Statistics, Financial Econometrics
Arbitrage Pricing develops the notion of ‘no-arbitrage’ or ‘no free lunch’ from first principles. After having taken the course, students will be familiar with the general concept of no-arbitrage, and its use in the pricing of uncertain cash flows with common models used in the industry and academia.
Description / Program
The course is structured along the following topics.
- Brief review of probability
- No-arbitrage in the static, finite-dimensional case
- No-arbitrage in a dynamic (in)finite-dimensional setting
- Brownian motion
- Introduction to the stochastic calculus
- Feynman-Kac theorem
- Black-Scholes model
- (Affine) term structure models
Learning Method / Style of Lessons
Our classes will simultaneously develop the theory and its applications. Students will be introduced to the must-know models for a career in modeling and pricing.
Compliant with COVID-19 guidelines.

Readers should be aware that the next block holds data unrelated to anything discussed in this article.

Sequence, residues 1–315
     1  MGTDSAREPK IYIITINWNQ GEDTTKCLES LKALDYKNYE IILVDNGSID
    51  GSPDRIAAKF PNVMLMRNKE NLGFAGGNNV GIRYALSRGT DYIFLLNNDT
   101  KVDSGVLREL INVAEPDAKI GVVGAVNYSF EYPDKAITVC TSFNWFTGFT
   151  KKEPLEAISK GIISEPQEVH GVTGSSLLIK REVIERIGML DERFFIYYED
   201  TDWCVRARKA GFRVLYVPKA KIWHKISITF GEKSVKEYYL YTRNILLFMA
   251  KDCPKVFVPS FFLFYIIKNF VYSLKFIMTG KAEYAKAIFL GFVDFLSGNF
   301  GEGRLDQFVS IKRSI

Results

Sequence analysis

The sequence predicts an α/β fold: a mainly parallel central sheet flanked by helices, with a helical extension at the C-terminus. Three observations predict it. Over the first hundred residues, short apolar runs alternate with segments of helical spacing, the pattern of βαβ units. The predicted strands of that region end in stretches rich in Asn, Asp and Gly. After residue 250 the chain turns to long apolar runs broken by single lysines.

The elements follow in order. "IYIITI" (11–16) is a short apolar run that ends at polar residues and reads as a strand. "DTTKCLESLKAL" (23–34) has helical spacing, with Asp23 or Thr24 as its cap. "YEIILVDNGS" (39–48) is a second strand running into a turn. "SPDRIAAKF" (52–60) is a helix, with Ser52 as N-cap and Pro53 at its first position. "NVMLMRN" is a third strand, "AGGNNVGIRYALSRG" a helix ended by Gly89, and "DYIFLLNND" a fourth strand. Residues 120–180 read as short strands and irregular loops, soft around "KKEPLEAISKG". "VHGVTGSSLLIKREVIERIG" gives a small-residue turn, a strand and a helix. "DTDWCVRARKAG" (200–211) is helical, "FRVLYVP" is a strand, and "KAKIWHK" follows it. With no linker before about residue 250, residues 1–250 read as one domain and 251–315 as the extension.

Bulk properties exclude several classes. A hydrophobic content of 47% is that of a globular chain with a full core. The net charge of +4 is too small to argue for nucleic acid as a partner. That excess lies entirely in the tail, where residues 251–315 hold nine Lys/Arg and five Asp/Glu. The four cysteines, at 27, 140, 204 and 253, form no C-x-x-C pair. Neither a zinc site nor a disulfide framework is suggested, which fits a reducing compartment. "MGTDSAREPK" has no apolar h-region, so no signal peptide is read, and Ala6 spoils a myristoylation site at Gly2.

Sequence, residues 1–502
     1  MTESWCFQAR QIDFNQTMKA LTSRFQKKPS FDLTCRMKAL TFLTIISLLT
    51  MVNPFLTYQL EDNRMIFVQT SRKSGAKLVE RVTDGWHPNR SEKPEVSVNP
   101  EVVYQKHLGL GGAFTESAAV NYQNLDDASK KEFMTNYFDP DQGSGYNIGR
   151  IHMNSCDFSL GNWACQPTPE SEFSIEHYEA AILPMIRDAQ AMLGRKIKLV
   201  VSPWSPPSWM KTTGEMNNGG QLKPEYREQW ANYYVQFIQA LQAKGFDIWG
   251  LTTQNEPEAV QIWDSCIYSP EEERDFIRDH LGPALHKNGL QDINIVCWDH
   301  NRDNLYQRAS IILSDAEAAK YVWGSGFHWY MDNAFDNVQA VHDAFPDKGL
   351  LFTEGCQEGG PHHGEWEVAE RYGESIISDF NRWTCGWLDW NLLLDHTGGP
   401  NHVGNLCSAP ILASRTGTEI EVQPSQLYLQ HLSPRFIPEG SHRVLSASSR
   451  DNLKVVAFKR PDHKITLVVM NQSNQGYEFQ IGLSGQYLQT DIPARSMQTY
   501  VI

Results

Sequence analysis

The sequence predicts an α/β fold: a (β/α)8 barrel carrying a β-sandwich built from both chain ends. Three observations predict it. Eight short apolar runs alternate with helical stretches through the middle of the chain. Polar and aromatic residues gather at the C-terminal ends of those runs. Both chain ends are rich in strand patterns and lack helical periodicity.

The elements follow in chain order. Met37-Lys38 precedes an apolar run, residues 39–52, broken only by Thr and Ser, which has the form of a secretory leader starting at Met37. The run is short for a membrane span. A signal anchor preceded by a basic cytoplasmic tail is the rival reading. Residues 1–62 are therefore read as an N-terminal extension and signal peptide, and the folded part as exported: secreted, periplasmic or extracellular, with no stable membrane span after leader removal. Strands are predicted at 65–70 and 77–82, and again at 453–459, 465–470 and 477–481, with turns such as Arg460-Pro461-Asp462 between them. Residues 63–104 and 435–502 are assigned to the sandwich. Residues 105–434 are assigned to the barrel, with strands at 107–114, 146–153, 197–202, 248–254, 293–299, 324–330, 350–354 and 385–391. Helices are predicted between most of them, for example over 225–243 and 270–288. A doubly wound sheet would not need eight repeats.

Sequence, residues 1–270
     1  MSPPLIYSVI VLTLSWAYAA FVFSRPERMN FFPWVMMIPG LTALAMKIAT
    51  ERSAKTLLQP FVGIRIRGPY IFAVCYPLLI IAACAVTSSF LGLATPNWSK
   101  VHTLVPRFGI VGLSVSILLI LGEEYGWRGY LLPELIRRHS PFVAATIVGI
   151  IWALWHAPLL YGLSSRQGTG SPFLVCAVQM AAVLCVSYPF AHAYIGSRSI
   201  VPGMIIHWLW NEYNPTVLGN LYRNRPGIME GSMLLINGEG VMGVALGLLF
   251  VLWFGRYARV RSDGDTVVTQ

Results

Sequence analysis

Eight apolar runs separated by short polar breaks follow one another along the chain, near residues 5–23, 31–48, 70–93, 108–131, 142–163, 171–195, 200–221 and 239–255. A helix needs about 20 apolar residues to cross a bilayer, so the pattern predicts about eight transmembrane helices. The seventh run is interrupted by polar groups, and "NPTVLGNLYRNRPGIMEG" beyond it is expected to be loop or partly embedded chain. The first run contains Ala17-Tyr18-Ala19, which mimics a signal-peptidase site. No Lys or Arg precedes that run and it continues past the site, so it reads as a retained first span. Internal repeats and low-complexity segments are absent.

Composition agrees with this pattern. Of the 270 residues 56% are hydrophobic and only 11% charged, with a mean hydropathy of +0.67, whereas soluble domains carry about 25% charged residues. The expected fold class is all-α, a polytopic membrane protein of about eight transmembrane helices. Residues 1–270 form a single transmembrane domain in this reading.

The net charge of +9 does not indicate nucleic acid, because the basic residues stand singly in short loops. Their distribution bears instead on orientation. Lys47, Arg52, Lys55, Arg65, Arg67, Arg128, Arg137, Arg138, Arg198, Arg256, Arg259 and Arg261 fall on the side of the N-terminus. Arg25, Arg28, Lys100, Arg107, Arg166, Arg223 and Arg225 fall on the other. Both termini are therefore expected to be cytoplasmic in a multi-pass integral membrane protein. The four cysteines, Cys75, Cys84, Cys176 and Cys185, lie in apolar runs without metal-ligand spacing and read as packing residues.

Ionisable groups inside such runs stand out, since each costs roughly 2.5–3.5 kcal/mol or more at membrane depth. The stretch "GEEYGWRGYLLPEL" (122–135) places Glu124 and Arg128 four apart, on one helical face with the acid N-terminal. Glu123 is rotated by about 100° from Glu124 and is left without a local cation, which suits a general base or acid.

Weekly homeworks will account for 40% of the grade, a final written exam for 60%.
All material will be provided.
We will be developing all the material autonomously. Relevant textbooks that may help are
Bjork, T. (1998). Arbitrage Theory in Continuous Time. Oxford University Press.
Brigo, D. and Mercurio, F. (2006). Interest Rate Models – Theory and Prac- tice. With Smile, Inflation and Credit. Springer Finance. Springer-Verlag, 2nd edition.
Øksendahl, B. (2000). Stochastic Differential Equations. Springer.
Shreve, S. E. (2004). Stochastic Calculus for Finance II, Continuous-Time Models. Springer, Berlin